Dramatically rising case counts of the Omicron COVID-19 variant in Ontario, Quebec and around the world has British Columbia Health Minister Adrian Dix warning this is a “time to exercise caution.”

B.C. supports the federal government’s call to advise Canadians against international travel over the holiday season due to the rising threat of the Omicron variant, Dix said Wednesday.

“I think that’s good advice to take,” he said at a news conference. “There will be other trips.”

Premier John Horgan said in a statement the highly transmissible Omicron variant has created conditions where people should not take chances with international travel.

Federal Health Minister Jean-Yves Duclos is asking Canadians with plans to travel abroad to cancel their trips as the highly transmissible Omicron variant spreads worldwide. (Justin Tang/Canadian Press)

“While this advice undoubtedly disrupts many holiday plans, a fast-changing and unpredictable situation demands we act with caution and prudence,” he said. “Avoid non-essential travel and follow public health guidelines. Plan your vaccinations and booster shots.”

Travel within Canada over the holidays should also be reconsidered despite the disappointment of possibly not gathering with family and loved ones, said Dix.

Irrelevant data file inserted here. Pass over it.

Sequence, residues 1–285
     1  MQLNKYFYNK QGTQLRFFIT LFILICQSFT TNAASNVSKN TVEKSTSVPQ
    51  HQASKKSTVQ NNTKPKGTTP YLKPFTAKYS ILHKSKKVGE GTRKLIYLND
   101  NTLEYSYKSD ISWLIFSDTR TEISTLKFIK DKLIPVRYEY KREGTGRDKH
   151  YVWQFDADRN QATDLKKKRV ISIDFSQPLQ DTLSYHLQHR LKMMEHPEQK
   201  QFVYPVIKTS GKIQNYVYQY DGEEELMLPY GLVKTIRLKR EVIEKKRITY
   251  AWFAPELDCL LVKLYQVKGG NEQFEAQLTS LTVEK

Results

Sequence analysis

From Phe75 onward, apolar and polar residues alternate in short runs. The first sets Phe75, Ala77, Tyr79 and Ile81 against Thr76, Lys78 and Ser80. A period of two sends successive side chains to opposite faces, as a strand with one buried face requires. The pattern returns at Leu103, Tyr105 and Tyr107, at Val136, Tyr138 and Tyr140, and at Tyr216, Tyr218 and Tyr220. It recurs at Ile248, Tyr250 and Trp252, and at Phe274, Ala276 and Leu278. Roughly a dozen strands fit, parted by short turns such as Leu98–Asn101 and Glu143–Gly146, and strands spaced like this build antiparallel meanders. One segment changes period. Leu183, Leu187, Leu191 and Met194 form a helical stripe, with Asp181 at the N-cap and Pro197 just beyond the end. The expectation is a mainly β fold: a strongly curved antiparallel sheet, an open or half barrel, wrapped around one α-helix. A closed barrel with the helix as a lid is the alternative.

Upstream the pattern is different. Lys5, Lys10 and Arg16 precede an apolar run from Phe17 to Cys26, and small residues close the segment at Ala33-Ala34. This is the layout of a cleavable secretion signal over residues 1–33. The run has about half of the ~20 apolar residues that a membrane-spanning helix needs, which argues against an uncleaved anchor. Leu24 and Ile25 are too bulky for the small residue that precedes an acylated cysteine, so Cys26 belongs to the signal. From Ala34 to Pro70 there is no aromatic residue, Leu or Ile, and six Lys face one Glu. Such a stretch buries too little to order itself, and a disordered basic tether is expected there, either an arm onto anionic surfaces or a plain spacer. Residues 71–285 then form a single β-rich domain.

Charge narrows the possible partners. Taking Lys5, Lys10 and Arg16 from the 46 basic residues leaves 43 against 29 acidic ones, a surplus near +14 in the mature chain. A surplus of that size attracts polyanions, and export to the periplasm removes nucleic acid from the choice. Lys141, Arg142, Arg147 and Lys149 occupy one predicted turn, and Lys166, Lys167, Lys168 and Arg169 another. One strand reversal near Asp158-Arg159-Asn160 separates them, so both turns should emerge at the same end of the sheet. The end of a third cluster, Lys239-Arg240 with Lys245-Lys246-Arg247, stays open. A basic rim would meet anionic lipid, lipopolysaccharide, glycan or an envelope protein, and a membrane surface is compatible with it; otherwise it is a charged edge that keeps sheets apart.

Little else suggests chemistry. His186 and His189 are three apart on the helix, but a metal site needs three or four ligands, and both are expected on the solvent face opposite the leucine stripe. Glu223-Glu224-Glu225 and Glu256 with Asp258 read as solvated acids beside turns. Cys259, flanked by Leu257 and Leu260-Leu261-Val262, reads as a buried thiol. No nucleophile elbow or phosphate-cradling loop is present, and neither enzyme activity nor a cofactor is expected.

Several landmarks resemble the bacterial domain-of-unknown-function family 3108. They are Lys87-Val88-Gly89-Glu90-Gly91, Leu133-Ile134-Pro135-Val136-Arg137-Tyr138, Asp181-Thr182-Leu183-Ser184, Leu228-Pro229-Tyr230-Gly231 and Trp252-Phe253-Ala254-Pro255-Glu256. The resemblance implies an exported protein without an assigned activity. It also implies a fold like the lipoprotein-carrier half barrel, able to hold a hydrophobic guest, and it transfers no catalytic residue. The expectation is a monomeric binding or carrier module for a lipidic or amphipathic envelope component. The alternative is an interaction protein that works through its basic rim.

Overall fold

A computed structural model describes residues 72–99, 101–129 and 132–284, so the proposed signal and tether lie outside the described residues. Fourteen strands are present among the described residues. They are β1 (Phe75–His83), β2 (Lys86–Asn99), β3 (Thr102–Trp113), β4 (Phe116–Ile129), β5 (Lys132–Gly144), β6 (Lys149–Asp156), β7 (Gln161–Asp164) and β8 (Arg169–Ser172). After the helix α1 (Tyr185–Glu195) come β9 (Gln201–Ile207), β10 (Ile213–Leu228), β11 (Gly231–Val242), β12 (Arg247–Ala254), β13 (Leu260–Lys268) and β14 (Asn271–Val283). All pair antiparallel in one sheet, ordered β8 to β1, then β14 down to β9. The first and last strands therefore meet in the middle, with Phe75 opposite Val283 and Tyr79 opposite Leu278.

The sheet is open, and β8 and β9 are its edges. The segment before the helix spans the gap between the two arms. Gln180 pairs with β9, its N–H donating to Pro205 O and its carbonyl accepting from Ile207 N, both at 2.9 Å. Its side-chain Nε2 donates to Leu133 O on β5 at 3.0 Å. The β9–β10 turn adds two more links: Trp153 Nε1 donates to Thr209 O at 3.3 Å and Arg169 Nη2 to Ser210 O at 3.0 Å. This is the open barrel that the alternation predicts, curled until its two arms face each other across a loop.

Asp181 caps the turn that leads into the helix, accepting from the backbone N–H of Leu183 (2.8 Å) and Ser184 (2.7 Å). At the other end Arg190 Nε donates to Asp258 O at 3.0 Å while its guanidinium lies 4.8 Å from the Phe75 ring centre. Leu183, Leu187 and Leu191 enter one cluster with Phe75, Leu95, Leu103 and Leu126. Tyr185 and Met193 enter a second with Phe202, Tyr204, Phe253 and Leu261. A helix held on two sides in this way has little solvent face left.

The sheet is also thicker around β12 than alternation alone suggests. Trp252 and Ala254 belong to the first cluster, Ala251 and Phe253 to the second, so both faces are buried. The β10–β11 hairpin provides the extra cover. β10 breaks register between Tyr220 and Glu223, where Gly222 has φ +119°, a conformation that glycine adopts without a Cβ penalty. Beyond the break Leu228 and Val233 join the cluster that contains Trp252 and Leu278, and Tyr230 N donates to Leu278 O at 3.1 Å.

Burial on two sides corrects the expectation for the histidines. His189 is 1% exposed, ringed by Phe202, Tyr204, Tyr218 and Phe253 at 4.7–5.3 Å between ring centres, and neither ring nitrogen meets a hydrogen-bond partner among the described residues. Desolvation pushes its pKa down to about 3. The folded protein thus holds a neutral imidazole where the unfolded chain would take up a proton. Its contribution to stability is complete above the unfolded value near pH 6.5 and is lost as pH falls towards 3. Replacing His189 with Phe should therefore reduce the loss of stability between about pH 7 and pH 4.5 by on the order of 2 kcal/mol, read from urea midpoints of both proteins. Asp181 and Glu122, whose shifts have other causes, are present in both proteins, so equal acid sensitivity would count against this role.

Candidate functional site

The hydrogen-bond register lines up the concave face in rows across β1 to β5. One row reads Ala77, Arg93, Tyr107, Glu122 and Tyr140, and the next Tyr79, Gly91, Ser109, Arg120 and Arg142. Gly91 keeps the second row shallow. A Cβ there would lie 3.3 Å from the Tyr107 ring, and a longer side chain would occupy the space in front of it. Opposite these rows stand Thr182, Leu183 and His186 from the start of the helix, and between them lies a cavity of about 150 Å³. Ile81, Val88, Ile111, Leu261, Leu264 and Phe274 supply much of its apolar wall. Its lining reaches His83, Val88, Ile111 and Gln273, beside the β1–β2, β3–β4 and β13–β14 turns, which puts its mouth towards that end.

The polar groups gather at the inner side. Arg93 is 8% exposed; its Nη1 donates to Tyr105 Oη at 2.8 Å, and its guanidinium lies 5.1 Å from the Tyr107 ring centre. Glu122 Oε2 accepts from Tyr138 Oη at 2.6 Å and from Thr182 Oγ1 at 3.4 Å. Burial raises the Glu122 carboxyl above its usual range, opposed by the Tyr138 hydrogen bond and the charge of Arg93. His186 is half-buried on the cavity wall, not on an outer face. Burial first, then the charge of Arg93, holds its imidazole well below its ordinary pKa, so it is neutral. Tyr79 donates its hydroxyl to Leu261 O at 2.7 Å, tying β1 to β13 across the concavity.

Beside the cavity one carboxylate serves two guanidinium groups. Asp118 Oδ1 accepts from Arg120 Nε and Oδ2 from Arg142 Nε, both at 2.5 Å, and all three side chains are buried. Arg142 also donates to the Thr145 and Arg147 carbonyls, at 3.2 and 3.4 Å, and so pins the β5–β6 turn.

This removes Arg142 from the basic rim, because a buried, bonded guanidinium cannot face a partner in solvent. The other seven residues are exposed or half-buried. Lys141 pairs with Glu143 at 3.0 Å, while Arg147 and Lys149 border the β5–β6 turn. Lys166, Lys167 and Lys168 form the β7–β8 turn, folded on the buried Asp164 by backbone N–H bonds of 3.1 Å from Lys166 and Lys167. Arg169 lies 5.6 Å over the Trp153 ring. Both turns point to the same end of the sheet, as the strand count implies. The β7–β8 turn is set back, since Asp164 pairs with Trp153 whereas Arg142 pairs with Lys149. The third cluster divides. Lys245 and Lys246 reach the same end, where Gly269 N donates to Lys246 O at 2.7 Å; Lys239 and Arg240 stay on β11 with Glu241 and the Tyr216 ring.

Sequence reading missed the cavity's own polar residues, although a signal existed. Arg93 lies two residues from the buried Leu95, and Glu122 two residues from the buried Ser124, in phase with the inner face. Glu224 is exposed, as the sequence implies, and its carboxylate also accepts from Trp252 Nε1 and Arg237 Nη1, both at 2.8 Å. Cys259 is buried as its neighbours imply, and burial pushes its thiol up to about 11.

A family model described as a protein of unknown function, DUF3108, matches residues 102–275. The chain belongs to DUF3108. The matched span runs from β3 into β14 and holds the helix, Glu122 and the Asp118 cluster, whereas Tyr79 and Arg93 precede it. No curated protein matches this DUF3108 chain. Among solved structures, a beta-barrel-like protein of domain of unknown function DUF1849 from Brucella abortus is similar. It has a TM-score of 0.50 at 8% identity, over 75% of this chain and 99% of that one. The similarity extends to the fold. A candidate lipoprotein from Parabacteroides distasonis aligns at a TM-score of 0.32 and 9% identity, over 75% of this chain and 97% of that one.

“The message is, if you’re not vaccinated, definitely don’t travel,” he said.

B.C. is also considering implementing further public health orders on large and small public and private gatherings in an effort to limit the spread of the highly transmissible variant, Dix said.

A COVID-19 vaccination clinic is pictured at the Italian Cultural Centre in Vancouver, British Columbia on Wednesday, Oct. 27, 2021. (Ben Nelms)

Possibly expanding public health orders that place limits on gatherings, which could include Vancouver Canucks games and informal private parties, may come early next week, he said.

Ontario introduced 50 per cent capacity limits at large sporting events, including on games played by the Toronto Maple Leafs.

But Dix said B.C. will not follow Ontario when it comes to providing vaccine booster shots immediately to all residents who are 18 years and older.

He said B.C.’s COVID-19 booster program is based on scientific evidence that concludes most  people are offered the best protection receiving a third dose six to eight months after the second shot.

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